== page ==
Depending on the device it is monitoring additional controls could be added and users with non-NFC devices could go onto the application and set a reminder to occur from the time remaining.

The idea works better with a SmartWatch, as doesn’t require the user to get their phone from their pocket or wherever they have left it, whereas a SmartWatch is more likely to be with the user and only requires the user to put their wrist near the NFC tag. Another way you could do it is send a notification to all devices in the Home and allow any of the users to accept the reminder. However, this would be both annoying for other people in the house and would require the user to touch their device multiple times :smiley:

Another option I considered was using an NFC transmitter, thus requiring no Wi-Fi connection, the NFC transmitter simply transmits the time remaining and the phone reads this time and sets a reminder.

Whether or not appliance manufacturers would be willing to include this type of technology in their appliances is another question.

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  1. I was thinking more along the lines of something like this:
    You scan the tag. It contains a device ID, a read-only access token (they are coming), and perhaps even a custom api-url (so users would be free to use another compatible cloud service). Your device issues a variable request to the device asking for it’s deviceType (custom spark variable). it would come back with “moodlight”. Your app now knows what the heck it is. It’s next request is for the device owner. You make another request asking for the owner of the read-only access token to give you a “write” access token (revokable by them later, these are also potentially coming). The owner would get an email and be allowed to distribute an access token to you automatically (clicking a link in the email). Your app simply places the mood light in a “pending” group until it is given the access token. The flow of the second part of this (the special access tokens) would need to be figured out. It’s something I’m hoping to integrate into my phpSparkDashboard project I’m working on.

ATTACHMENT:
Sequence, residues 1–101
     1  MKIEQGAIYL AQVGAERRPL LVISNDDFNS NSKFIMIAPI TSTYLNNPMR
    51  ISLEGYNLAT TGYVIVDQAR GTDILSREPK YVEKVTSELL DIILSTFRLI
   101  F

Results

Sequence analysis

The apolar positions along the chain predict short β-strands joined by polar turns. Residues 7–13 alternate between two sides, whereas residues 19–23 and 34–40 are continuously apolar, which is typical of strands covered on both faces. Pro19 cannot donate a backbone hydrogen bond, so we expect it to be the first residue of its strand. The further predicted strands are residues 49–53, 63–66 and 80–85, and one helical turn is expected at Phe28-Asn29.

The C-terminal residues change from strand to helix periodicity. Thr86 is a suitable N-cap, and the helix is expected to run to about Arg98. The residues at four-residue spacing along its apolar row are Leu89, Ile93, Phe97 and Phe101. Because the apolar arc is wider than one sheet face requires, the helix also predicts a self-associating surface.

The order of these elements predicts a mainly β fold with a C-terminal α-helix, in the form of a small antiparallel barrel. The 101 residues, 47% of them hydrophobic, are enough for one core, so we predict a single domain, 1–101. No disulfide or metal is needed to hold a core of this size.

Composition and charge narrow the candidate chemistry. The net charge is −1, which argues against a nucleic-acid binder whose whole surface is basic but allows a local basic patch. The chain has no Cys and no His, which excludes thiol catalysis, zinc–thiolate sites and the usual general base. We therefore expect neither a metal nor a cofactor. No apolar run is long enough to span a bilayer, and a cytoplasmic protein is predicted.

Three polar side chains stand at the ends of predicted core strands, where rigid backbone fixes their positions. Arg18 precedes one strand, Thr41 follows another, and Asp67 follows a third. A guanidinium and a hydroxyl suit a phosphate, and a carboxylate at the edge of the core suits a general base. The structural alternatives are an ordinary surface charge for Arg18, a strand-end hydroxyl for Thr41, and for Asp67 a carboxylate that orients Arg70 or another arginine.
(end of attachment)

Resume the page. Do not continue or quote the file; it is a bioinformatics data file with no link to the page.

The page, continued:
2. I agree with the minimal effort desire. Perhaps this is one of many ways to do it. Keep up the good work

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  1. Your method would definitely be a better way to do it I agree, much more secure, I like it! Had a little look at your phpSparkDashboard project, the demo works well, thanks for sharing it.

It is really an awesome project. Could you please share your code if your university assessment is completed ??

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Thanks Bijay. Once the project has been marked I shall share the code, this should be sometime in June I am afraid.


I made a review / case study on smart watches for my university (Conservatoire National des Arts & métiers at Lyon city) and your project is very interesting. Do you have published some papers in your university which I can cite for reference ?

Hi, thanks for the interest, i’m afraid the project was a 3rd year project with no reference to any of the universities papers. You could perhaps reference my report, but it is a 3rd year project report, definitely not a published paper. :confused:

Well, if your work has been validated by your teacher/university, there’s no problem. Could you send to me (my personnal mail : your report to see if I can cite it in my paper ?

Hi, I was planned to use nfc tag to control home lighting for my University project. Could you please share with me your code for my reference ?

Thanks in advanced.

See below for a link to my project code.

MyApplication - Just reading data from an NFC tag. (NFC tag can be programmed with plain text easily using NFC tools:
To use the MyApplication import into Android Studio. If you want to use in eclipse you could copy the code across manually, but you will struggle to import it into eclipse.

MyHome-The full application shown in the video.

Also included is my report and the application APK
Please reference me in any work thanks.

Kind Regards,
Joe Banks